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Dr. Paul Greebler

Dr. Paul Greebler, was a leader in ANS activities, an outstanding nuclear reactor physicist, and a true gentleman whose company all of his associates enjoyed.

Paul Greebler received his BS in Physics from the U of Colorado in 1944 and then joined the US Army signal Corp during WWII. He was discharged in 1946 and worked for Johns-Manville Corp as a senior research physicist from 1946 to 1955, primarily in the area of heat transfer technology. During this period, in 1954, he received his Ph D in Physics from Rutger's University. Paul joined General Electric in 1955, and from that point until his death in 1983 Paul worked in the nuclear reactor engineering area with emphasis on reactor core design, critical experiment design and analysis, and reactor plant safety.

Although Paul was a major contributor to the overall technology of reactor design during the start of the peaceful nuclear power era, a significant technical achievement was his1960 discovery that the Doppler Effect could be a major safety element for the Fast Breeder Reactor. Prior to Paul's work, the Doppler Effect was thought to be too small to effect reactor operation, and fast reactors of the time were designed on the basis of a zero Doppler coefficient, with dependence entirely on core expansion for a negative power coefficient. This led to limitations on the design of fast reactors, and to concerns about their commercial practicality.

Paul's work led to the building of the Southwest Experimental Fast Oxide Reactor, SEFOR, in the late sixties; a project sponsored by the then Atomic Energy Commission, 17 utilities in the southwest, the Karlsruhe Laboratory of West Germany, and Euratom. Paul played a key part in designing the reactor and the experimental program, and in carefully precalculating the results of the tests. The final tests had SEFOR go prompt critical, with the Doppler Effect turning the power excursion around. Had one not seen Paul's predictions beforehand, one would have thought his curves were copied from the experimental data.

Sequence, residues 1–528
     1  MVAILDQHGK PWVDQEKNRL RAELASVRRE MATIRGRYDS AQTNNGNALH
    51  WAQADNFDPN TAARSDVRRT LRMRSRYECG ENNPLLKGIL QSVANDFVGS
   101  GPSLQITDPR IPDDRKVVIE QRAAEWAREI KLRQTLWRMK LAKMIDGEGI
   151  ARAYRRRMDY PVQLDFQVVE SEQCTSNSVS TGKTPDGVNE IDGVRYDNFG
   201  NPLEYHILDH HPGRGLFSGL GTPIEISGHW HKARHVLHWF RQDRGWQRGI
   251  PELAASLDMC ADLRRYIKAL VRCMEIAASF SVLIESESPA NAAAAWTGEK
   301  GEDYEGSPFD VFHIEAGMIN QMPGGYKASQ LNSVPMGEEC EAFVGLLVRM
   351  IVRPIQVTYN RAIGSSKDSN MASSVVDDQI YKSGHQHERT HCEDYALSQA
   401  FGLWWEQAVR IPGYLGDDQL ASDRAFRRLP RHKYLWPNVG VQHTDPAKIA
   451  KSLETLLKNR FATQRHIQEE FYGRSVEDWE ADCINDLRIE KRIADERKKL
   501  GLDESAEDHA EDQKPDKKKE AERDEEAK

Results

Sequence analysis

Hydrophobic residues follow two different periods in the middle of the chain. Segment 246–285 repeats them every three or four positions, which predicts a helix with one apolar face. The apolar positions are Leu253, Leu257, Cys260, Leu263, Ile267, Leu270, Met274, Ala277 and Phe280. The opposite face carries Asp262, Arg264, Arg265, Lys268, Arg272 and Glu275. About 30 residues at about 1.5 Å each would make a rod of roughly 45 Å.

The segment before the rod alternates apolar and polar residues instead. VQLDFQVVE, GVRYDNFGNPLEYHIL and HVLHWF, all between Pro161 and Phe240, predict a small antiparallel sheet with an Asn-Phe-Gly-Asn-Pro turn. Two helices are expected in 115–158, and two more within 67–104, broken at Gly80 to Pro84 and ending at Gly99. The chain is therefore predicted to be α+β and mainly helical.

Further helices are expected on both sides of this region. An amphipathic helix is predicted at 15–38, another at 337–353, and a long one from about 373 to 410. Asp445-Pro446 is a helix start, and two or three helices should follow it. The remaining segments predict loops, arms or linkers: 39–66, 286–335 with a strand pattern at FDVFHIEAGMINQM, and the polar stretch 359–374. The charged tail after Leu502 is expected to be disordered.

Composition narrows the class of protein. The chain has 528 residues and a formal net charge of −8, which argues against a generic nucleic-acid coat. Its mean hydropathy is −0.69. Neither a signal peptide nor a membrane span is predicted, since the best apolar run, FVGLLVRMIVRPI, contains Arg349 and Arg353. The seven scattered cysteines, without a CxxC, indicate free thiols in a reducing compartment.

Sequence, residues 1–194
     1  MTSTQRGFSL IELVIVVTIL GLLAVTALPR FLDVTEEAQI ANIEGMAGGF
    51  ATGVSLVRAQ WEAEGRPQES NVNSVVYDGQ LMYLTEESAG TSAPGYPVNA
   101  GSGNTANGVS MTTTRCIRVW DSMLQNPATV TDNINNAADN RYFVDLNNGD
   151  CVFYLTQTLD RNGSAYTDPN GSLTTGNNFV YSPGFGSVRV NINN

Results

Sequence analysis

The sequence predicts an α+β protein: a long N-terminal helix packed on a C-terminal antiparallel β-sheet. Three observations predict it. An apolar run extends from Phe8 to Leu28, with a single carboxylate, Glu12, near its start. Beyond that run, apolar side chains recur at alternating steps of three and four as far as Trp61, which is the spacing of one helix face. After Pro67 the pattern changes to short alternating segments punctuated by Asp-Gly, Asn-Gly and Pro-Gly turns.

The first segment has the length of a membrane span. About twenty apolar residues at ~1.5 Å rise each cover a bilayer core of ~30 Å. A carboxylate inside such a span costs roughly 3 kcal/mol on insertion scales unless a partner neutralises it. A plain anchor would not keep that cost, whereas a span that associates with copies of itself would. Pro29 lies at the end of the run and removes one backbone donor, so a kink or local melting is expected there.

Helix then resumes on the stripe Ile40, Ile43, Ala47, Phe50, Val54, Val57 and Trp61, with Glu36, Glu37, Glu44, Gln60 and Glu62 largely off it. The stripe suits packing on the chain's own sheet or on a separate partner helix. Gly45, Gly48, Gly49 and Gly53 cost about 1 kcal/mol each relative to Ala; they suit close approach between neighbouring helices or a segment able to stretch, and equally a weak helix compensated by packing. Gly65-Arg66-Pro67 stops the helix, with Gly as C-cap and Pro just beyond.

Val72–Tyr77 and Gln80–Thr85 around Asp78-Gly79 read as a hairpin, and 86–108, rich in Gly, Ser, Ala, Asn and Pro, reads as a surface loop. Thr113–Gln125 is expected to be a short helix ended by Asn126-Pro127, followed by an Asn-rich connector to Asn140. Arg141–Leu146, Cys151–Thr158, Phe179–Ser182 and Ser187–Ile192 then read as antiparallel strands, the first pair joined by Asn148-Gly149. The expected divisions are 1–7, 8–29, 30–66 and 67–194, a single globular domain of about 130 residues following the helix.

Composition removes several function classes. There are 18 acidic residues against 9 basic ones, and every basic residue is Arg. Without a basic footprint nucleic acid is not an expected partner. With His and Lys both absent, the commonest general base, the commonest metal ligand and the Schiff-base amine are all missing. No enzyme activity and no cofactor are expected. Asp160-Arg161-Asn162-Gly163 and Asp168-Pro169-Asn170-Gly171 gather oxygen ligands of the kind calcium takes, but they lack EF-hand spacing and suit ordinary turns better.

Today, Breeder Reactor work throughout the world is formulated on the basis of the negative Doppler coefficient. Since it appears that the Breeder reactor may be vital to world welfare in the next century, Paul's contributions in this area should not be forgotten.

Paul was selected for membership in the Sigma Xi and Tau Beta Pi honor societies. He was elected as a Fellow of the American Nuclear Society in 1970, and received the ANS Distinguished Service Award in 1980. He has served the ANS as a member of its Board of Directors (1970-3); Technical Program Chairman (1969); Chairman of Reactor Physics Division (1971-2); Chairman, ANS-19 Standards Subcommittee (1972-7); member Reactor Safety Div. Executive Comm. (1980-3).

Paul was on a number of National Advisory and Planning Committees; he was co-editor of Advances in Nuclear Science and Technology (1965-8); became a Professional Engineer in California in 1976, and was the author of over 100 technical papers on reactor physics, heat transfer and nuclear safety. He has been a major asset to the development of nuclear power.

Last updated March 9, 2012, 2:45pm CST.

 
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